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A World More Concrete: Real Estate and the Remaking of Jim Crow South Florida (Historical Studies of Urban America)


A World More Concrete: Real Estate and the Remaking of Jim Crow South Florida (Historical Studies of Urban America) Cover


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Publisher Comments:

Many people characterize urban renewal projects and the power of eminent domain as two of the most widely despised and often racist tools for reshaping American cities in the postwar period. Inand#160;A World More Concrete, N. D. B. Connolly uses the history of South Florida to unearth an older and far more complex story.and#160; Connolly captures nearly eighty years of political and land transactions to reveal how real estate and redevelopment created and preserved metropolitan growth and racial peace under white supremacy.and#160; Using a materialist approach, he offers a long view of capitalism and the color line, following much of the money that made land taking and Jim Crow segregation profitable and preferred and#160;approaches to governing cities throughout the twentieth century.

A World More Concreteand#160;argues that black and white landlords, entrepreneurs, and even liberal community leaders used tenements and repeated land dispossession to take advantage of the poor and generate remarkable wealth.and#160; Through a political culture built on real estate, South Floridaandrsquo;s landlords and homeowners advanced property rights and white property rights, especially, at the expense of more inclusive visions of equality. For black people and many of their white allies, uses of eminent domain helped to harden class and color lines.and#160; Yet, for many reformers, confiscating certain kinds of real estate through eminent domain also promised to help improve housing conditions, to undermine the neighborhood influence of powerful slumlords, and to open new opportunities for suburban life for black Floridians.

Concerned more with winners and losers than with heroes and villains,and#160;A World More Concreteand#160;offers a sober assessment of money and power in Jim Crow America.and#160; It shows how negotiations between powerful real estate interests on both sides of the color line gave racial segregation a remarkable capacity to evolve, revealing property ownersandrsquo; power to reshape American cities in ways that can still be seen and felt today.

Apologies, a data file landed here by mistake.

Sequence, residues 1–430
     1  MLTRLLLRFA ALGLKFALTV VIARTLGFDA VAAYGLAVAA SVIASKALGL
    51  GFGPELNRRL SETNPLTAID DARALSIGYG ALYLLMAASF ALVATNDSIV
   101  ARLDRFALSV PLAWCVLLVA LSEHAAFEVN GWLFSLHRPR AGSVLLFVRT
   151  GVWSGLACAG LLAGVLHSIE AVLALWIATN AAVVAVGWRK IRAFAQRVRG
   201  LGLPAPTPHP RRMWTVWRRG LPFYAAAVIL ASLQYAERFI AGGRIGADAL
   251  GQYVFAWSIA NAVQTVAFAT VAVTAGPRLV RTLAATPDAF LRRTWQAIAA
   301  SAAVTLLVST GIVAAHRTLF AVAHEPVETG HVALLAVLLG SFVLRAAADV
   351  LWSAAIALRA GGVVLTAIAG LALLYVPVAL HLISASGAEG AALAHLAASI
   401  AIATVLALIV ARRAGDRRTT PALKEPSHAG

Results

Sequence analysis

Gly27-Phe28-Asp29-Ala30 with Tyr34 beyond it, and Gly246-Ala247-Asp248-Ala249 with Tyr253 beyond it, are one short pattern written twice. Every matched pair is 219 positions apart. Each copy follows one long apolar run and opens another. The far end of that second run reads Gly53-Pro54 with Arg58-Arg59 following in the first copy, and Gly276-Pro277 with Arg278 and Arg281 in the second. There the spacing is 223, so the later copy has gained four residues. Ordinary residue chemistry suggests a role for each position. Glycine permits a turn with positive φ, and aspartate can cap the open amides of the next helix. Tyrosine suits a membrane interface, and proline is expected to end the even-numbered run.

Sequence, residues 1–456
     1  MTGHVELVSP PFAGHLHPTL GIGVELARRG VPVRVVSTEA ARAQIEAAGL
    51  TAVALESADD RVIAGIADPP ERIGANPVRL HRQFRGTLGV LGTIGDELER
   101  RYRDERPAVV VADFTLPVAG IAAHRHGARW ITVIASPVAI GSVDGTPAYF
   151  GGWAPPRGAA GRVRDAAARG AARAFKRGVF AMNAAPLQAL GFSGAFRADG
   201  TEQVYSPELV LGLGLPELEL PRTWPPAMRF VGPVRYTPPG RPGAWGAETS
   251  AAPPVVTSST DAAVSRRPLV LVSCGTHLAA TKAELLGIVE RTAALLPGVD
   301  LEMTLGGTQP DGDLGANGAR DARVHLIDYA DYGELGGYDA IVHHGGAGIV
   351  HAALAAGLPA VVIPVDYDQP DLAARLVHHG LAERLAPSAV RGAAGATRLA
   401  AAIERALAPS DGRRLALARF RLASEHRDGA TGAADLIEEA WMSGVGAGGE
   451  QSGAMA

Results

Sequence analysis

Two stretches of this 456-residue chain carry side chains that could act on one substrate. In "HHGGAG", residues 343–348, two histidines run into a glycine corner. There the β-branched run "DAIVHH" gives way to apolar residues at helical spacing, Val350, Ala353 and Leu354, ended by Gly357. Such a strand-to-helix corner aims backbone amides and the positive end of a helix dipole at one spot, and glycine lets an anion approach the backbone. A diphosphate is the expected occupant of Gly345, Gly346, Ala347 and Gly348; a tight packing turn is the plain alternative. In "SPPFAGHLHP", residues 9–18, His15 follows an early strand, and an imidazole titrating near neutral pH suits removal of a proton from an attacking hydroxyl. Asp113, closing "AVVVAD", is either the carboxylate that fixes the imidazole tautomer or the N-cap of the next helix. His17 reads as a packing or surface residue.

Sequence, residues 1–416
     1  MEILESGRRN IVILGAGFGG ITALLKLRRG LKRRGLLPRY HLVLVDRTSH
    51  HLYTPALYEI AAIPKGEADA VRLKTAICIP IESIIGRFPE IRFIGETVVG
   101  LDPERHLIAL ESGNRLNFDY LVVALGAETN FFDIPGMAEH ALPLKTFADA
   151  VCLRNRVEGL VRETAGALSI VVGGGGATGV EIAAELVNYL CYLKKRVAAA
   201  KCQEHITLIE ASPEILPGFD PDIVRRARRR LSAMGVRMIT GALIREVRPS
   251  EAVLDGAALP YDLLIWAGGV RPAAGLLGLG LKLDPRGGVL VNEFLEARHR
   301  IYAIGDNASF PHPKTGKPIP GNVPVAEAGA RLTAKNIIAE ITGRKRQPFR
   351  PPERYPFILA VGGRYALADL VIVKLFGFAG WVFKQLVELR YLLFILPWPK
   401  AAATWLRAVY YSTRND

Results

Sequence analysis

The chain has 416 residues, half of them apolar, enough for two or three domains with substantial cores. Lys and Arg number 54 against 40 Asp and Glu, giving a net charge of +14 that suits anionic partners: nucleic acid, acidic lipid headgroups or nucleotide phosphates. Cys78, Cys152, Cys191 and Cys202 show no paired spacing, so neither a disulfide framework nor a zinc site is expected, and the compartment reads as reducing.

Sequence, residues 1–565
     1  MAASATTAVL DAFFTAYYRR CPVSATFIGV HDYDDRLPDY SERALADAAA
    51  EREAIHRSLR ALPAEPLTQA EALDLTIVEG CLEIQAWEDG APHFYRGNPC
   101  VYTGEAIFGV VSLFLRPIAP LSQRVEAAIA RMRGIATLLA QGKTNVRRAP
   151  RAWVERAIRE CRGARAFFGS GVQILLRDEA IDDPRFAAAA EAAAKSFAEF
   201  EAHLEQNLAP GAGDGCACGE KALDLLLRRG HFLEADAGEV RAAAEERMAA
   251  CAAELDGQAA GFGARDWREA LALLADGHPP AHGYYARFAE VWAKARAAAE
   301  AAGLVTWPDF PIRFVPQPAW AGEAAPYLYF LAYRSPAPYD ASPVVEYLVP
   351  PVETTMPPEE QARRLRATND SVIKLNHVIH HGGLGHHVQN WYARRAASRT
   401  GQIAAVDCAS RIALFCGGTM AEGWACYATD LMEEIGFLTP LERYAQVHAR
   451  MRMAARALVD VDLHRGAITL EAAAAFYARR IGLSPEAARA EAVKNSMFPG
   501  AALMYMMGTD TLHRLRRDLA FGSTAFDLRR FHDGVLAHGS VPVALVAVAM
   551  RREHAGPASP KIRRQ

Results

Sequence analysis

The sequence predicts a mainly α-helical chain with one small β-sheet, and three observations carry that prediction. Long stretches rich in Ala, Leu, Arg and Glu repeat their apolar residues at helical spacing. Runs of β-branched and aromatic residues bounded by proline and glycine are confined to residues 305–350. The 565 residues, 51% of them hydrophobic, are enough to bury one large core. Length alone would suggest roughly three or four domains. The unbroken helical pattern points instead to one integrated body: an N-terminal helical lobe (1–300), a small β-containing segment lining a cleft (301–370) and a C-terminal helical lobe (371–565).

About the Author

N. D. B. Connolly

Table of Contents


Introduction: Americaand#8217;s Playground

Part I: Foundation

One: The Magic City

Two: Bargaining and Hoping

Part II: Construction

Three: Jim Crow Liberalism

Four: Pan-America

Five: Knocking on the Door

Six: A Little Insurance

Part III: Renovation

Seven: Bulldozing Jim Crow

Eight: Suburban Renewal

Conclusion: The Tragic City

List of Abbreviations



Product Details

Connolly, N. D. B.
University of Chicago Press
United States - 20th Century
US History - 20th Century
Edition Description:
Historical Studies of Urban America
Publication Date:
39 halftones
9 x 6 in

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Related Subjects

History and Social Science » Sociology » Urban Studies » General
History and Social Science » US History » 20th Century » General
History and Social Science » World History » General

A World More Concrete: Real Estate and the Remaking of Jim Crow South Florida (Historical Studies of Urban America) New Hardcover
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